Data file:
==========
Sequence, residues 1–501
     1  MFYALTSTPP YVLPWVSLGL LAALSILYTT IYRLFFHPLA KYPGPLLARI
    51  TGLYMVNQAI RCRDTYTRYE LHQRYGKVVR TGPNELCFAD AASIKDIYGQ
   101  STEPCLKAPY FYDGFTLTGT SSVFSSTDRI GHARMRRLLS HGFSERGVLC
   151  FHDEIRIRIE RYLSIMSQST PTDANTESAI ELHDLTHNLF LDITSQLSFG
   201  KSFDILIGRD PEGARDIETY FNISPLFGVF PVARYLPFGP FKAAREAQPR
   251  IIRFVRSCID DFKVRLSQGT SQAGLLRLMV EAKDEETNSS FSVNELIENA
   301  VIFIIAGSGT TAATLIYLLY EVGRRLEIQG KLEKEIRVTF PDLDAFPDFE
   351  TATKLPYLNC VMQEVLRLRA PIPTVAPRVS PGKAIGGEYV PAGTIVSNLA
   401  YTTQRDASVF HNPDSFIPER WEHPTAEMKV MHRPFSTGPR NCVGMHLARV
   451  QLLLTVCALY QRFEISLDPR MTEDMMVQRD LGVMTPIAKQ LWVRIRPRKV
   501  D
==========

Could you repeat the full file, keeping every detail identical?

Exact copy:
Sequence, residues 1–501
     1  MFYALTSTPP YVLPWVSLGL LAALSILYTT IYRLFFHPLA KYPGPLLARI
    51  TGLYMVNQAI RCRDTYTRYE LHQRYGKVVR TGPNELCFAD AASIKDIYGQ
   101  STEPCLKAPY FYDGFTLTGT SSVFSSTDRI GHARMRRLLS HGFSERGVLC
   151  FHDEIRIRIE RYLSIMSQST PTDANTESAI ELHDLTHNLF LDITSQLSFG
   201  KSFDILIGRD PEGARDIETY FNISPLFGVF PVARYLPFGP FKAAREAQPR
   251  IIRFVRSCID DFKVRLSQGT SQAGLLRLMV EAKDEETNSS FSVNELIENA
   301  VIFIIAGSGT TAATLIYLLY EVGRRLEIQG KLEKEIRVTF PDLDAFPDFE
   351  TATKLPYLNC VMQEVLRLRA PIPTVAPRVS PGKAIGGEYV PAGTIVSNLA
   401  YTTQRDASVF HNPDSFIPER WEHPTAEMKV MHRPFSTGPR NCVGMHLARV
   451  QLLLTVCALY QRFEISLDPR MTEDMMVQRD LGVMTPIAKQ LWVRIRPRKV
   501  D